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Most early games fit into the general category of "simulation": Flying games are Flight Simulators, and racing games are Car Simulators. The first Adventure Game, Colossal Cave, started life as little more than a simulation of a Kentucky cave system; even Pong is nothing more than a virtual ping-pong table.
But the term Simulation Game usually refers to a genre of program for which the term "game" is really a misnomer: a Simulation Game is really a "toy", by the definitions used by those who study such things academically, more akin to an Erector set than to a chess set.
A Simulation Game, traditionally, places the player in charge of some set of resources, with which he is charged to build something — while the game might set some criteria for a "win" state, this is far from compulsory; the player generally builds what he likes and measures his own success by whatever metrics seem best to him. Most will have some kind of "lose" state, where long term mismanagment, either accidental or deliberate, will result in a game over.
The player generally adopts a sort of managerial role over the game world, rather than directly controling the agents in it. Thus, his role, depending on the scope of the game, tends to be something like "business owner", "mayor" or "god".
Probably the first game in this tradition is Lemonade Stand, written by Bob Jamison sometime between 1973 and 1979. In this game, the player, based on the daily weather report, decided what supplies to buy and how much to charge at a virtual lemonade stand. Variations appeared for years on various platforms, even surviving into the 1990s as their requirements were so low that ports could even run on programmable calculators.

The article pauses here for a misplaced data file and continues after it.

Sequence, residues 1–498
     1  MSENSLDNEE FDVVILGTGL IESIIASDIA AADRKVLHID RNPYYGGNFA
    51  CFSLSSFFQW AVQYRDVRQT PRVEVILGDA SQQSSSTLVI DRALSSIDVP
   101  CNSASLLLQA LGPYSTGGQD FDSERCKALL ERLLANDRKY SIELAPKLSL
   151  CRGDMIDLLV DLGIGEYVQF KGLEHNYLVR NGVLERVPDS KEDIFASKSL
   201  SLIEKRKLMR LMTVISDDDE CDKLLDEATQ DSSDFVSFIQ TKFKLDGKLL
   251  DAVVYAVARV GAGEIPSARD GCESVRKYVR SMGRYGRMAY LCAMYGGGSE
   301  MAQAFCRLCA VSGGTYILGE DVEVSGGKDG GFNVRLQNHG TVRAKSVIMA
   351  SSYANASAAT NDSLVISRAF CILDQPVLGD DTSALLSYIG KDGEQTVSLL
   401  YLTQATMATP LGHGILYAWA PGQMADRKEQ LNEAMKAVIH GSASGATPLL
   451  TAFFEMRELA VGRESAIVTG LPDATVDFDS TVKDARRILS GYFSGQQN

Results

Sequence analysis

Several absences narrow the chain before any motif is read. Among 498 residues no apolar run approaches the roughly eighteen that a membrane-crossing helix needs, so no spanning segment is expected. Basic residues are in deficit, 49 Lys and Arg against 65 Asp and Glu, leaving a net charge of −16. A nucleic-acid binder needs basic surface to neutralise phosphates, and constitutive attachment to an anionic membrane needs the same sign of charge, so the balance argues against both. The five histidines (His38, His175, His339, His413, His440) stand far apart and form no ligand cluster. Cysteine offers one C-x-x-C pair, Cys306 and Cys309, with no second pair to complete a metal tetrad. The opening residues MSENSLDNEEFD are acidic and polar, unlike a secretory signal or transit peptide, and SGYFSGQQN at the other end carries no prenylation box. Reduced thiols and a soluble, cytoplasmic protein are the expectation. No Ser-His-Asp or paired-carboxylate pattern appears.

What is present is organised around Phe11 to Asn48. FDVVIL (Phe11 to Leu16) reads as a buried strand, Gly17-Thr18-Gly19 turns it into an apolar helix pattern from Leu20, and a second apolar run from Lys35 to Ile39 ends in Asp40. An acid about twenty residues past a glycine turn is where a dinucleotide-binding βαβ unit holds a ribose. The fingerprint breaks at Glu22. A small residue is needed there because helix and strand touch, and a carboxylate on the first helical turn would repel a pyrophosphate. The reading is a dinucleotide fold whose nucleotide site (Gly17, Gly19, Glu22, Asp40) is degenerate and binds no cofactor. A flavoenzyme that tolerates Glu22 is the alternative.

More complicated simulations started appearing in the early 1980s, such as the Commodore 64 game Little Computer People, where the player was responsible for the care and feeding of a virtual person. "Digital pet" keychain devices, such as Tamagotchi, descended from this line.
But the game which really brought the modern Simulation Game into its own was Maxis's SimCity. In this game, the player took the role of mayor, and was in charge of building a city. Among the Mayoral duties were zoning areas for commercial, residential or industrial use, building public utilities, and rebuilding after Godzilla attacks.
SimCity was enormously popular, spawning a number of clones and sequels. Sim City 2000, Sim City 3, and Streets of Sim City all expanded and improved on the original. Maxis also produced a number of other concepts within the franchise: SimEarth placed the player in charge of the development of an entire planet; SimLife narrowed the focus, with the player guiding the specific evolution of a species; SimAnt placed the player in charge of an ant colony. Other games explored different domains in the same style: Roller Coaster Tycoon had the player develop an amusement park, balancing thrills with the chance to kill patrons in spectacular roller coaster derailments; Afterlife had the player build a heaven and hell suited to the needs of the incoming departed.
While the later games did well enough, neither Maxis nor its imitators were quite able to bring about the kind of huge-scale genre-defining success of SimCity until Maxis brought the social element into the equation with its blockbuster success The Sims. Rather than focusing on an entire city or civilization, The Sims and its sequels put the player in charge of managing a single household, keeping the characters employed, buying them playthings, adding extra living space, occasionally locking them in a room with a bunch of ovens until they inevitably immolated themselves and, perhaps most importantly to the players, coaxing each other into bed.